The oxygen consumption slopes between consecutive temperature intervals are fisted in Table 1. Although variable, a consistent drop in the slopes occurred between 12 and 15 °C for both unacclimated and acclimated crabs. Essentially, oxygen uptake rates at 15 °C were not much higher than at 12°C. However, at 18°C uptake rates rose well above the 15°C levels so high positive slopes recurred. Temperatures of 15–18°C were lethal to snow crabs (see mortality section below) so oxygen uptake rates appeared first to level off but then to increase as death approached. Overall, the slopes were statistically different from one another (P< 0·001 for unacclimated crabs, P<0·05 for acclimated crabs) but there were no significant differences between individuals (P>0·05).

Table 1.

Slopes of oxygen uptake rates between temperature pairs

Slopes of oxygen uptake rates between temperature pairs
Slopes of oxygen uptake rates between temperature pairs

The response to temperature is illustrated in Fig. 2. Several of the oxygen uptake rates were substantially higher than average, which contributed to the variability in slopes in Table 1. Many factors may have been responsible for these higher oxygen consumption rates, the most likely being spontaneous activity in the oxygen uptake chambers. Crabs could sometimes be observed moving under the translucent covers of the containers when high oxygen consumption rates were being recorded. Analysis of the videorecordings revealed that crabs had long periods of inactivity punctuated by short intervals of movement (see activity section below).

Fig. 2.

Routine and resting oxygen consumption in eight male snow crabs either immediately after a temperature change (A) or after 3 weeks acclimation to the test temperature (B). The equation fitted through all three replicates (+) defined the routine respiration rate. The equation fitted through the lowest value for each crab (◼) defined the resting metabolism.

Fig. 2.

Routine and resting oxygen consumption in eight male snow crabs either immediately after a temperature change (A) or after 3 weeks acclimation to the test temperature (B). The equation fitted through all three replicates (+) defined the routine respiration rate. The equation fitted through the lowest value for each crab (◼) defined the resting metabolism.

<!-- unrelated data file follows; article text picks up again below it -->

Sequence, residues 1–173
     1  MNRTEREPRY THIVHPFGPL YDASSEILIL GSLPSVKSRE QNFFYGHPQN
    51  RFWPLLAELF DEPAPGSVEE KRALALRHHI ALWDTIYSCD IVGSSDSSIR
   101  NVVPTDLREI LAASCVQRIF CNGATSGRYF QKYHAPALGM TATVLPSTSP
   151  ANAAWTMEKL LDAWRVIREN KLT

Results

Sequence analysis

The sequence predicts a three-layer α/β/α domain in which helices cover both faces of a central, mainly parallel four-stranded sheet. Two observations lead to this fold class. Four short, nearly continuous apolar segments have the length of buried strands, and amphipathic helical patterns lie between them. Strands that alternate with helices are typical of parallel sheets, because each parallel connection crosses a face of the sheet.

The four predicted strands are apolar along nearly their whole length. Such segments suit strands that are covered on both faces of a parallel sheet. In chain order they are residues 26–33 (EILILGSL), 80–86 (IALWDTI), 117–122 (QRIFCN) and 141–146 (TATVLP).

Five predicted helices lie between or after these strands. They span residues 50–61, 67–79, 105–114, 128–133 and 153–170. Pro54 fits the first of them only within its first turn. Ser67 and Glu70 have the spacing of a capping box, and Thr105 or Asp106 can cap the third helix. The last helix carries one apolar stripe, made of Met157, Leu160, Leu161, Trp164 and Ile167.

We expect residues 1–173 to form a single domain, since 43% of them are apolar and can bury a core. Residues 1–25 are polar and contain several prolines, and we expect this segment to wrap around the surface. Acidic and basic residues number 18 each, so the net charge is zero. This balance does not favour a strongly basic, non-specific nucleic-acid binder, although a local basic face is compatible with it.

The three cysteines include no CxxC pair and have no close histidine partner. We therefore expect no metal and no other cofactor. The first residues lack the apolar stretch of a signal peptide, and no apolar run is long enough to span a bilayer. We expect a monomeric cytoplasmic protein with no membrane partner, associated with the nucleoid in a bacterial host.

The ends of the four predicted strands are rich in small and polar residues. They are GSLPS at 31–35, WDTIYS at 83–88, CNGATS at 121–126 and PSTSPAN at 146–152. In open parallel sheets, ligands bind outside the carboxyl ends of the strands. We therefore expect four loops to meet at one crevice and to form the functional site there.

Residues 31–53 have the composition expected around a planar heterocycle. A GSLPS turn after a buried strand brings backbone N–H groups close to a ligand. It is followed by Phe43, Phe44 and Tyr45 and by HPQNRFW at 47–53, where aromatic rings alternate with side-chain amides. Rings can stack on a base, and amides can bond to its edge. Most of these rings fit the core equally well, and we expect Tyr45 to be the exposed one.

As an estimate of overall trends, exponential equations were fitted to the oxygen uptake rates in Fig. 2. Although Table 1 shows that the slopes changed, especially at the higher temperatures, the exponential equations nevertheless fitted the data well, with r2 values ranging from 0·61 to 0·89. This approach was necessary so that predictive equations could be produced from the empirical data for the energetics analysis (see Discussion).

Based on the equation for unacclimated animals (Fig. 2A, recorded 1 day after each temperature change), ‘routine’ oxygen consumption (quiescent animals with minimal but uncontrolled amounts of activity) at 0°C was low (12·5 mg kg−1 h−1) but rose to 62 mg kg−1 h−1 at 18°C with a Q10 for the respiratory quotient of 2·2 for unacclimated animals. As an estimate of resting metabolism, an exponential equation was fitted to the lowest recorded value of the three replicates for each crab (Fig. 2A), a procedure which removed most of the high oxygen uptake values. The resulting equation had a lower intercept (10·5 mg kg−1 h−1) but rose more rapidly with temperature (Q10 = 2·6). The slower rise in the routine rate was probably due to a decrease in activity with rising temperature (see activity section below).

A slight acclimation response occurred after 3 weeks of exposure to each test temperature (Fig. 2B). The difference in the oxygen uptake rates between unacclimated and acclimated animals was not great but the third-order interaction in the analysis of covariance (Table 2) revealed that the two data sets were changing with temperature at different rates (P<0·05). Compared with the unacclimated state, oxygen consumption after the 3-week acclimation period was slightly higher at 0°C, but uptake increased less rapidly with temperature, leading to lower oxygen consumption at the higher temperatures. Thus, there was a slight decrease in the slopes of the curves (‘rotation’). Individual differences in consumption rates (Table 2) were also revealed by the analysis of covariance.

Table 2.

Analysis of covariance results comparing oxygen uptake rates of unaccli-mated and acclimated crabs

Analysis of covariance results comparing oxygen uptake rates of unaccli-mated and acclimated crabs
Analysis of covariance results comparing oxygen uptake rates of unaccli-mated and acclimated crabs